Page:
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Why Do We Strive To Be Just? To Live Within The Constraints Of Our Laws Or For The Benefit Of Our Soul?

2013 words - 8 pages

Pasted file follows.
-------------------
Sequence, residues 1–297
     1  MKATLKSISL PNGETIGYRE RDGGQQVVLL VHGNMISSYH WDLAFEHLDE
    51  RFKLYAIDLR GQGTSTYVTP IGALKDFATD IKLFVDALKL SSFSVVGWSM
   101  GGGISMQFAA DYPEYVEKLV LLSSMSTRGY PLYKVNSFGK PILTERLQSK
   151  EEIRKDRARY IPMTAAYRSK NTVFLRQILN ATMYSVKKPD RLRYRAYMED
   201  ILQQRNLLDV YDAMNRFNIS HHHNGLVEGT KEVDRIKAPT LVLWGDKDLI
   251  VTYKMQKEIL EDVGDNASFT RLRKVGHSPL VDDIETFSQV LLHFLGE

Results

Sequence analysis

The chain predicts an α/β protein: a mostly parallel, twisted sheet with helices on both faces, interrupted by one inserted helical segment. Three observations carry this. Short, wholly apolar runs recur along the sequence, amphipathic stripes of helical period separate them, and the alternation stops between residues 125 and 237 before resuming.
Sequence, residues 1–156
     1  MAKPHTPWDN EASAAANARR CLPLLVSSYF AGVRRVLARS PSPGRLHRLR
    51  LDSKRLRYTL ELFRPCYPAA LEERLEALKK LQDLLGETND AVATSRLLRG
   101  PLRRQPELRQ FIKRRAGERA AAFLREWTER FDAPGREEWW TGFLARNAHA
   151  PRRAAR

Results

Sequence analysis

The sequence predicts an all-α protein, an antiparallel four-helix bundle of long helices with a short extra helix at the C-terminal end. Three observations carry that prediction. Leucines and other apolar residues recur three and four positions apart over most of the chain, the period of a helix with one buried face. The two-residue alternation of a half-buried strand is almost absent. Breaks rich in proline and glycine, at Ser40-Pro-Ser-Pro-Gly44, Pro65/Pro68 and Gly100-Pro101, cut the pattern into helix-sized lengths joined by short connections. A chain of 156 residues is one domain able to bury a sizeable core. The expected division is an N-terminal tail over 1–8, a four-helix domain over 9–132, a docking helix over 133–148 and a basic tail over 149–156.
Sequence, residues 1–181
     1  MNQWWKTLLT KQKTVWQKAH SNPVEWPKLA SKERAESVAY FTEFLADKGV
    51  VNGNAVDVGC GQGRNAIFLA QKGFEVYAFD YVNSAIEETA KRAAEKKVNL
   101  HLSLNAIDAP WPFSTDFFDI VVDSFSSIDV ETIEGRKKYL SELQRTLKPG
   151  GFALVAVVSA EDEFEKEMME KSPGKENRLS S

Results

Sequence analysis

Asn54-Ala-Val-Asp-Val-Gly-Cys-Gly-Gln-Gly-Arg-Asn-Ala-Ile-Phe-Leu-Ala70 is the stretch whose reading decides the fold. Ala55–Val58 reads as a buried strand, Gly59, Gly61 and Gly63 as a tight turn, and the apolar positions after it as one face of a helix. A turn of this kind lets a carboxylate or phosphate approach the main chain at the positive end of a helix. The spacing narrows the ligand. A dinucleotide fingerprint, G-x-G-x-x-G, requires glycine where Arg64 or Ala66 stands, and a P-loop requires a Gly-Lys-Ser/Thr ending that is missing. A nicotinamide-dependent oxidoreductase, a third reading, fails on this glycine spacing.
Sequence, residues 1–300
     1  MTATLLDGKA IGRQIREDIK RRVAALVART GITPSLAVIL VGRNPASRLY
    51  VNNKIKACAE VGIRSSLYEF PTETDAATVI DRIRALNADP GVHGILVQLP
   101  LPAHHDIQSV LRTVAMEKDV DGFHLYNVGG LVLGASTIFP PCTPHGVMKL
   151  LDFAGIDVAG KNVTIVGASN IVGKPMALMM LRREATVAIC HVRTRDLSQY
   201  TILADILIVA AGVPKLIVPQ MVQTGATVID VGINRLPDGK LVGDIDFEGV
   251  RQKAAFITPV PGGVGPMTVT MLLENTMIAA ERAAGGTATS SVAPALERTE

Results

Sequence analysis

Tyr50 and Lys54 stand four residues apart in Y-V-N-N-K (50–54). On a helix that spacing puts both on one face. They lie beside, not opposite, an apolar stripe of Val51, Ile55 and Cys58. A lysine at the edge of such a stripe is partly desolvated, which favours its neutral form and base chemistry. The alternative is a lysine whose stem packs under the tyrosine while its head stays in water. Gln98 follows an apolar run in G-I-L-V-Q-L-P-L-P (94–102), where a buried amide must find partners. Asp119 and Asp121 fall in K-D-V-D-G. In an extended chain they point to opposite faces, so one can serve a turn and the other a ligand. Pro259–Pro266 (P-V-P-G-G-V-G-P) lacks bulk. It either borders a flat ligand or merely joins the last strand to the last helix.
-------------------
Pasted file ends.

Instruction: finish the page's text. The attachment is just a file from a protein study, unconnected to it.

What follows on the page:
PLATO'S GIFT.In our society murders, rapes, and other such atrocities are steadily increasing in frequency. We who pride ourselves on our efficient judicial system and competent police force still cannot control and eliminate the undesirable elements of our society. If this problem still exists within a firmly regimented society, perhaps the trouble stems from an internal failure... a failure to have the desire to be truly, and most importantly, internally just. One of the inherent problems with the twenty-first century mindset is that justice is viewed as something externally beneficial, and therefore most people are just so that they will remain within the boundaries of the law. We must begin to view justice as something beneficial to our soul and our lives instead of using it as a façade. These changes must come from within, and they must come from a desire to change. Justice must be present within the individual. Plato's Republic is admittedly over two thousand years old, but it retains its significance to this day. Within these timeless pages, the answer to a question that desperately needs to be revisited is answered: Why should I want to be just? Through telling analogies and compelling dialogue, the answer is evident, discernable, and most importantly, honest.Realizing the intricacy of this problem, Plato through Socrates creates a city, instead of a single person to explore justice because, as he says "perhaps there is more justice in the larger thing, and it will be easier to learn what it is."(II, 43) This creation or kallipolis as he calls it shows up throughout Republic and serves as an interesting parallel between the justice of a human and the justness of a city. Socrates says that if all the people within a city are just than the city will prosper and we should "[therefore], praise justice as a good of that kind, explaining how-because of its very self-it benefits its possessors"(II, 42). Further exploration indicates that in order for the city to be just all the people within the city must be just. They must all perform their functions, which benefit the greater good of the city. A philosopher king rules the kallipolis. A philosopher king is a person who has received a specific education as outlined by Plato. The education the philosopher king has received is based on knowledge, physical training and government. This original system of education was created to properly prepare the philosopher king to rule efficiently over his society so that it will remain just and firm in its beliefs. Republic is a thought experiment intended to answer many questions. It is, however, not solely to define what a good city should be like. Instead, Plato uses the city as "the same letters [existing] somewhere in a larger size and on a larger surface."(43, 368d) The letters he is trying to see are those that define what justice is in a human being. Republic, however, is so much more than just a thought experiment. It is an internal, as well...

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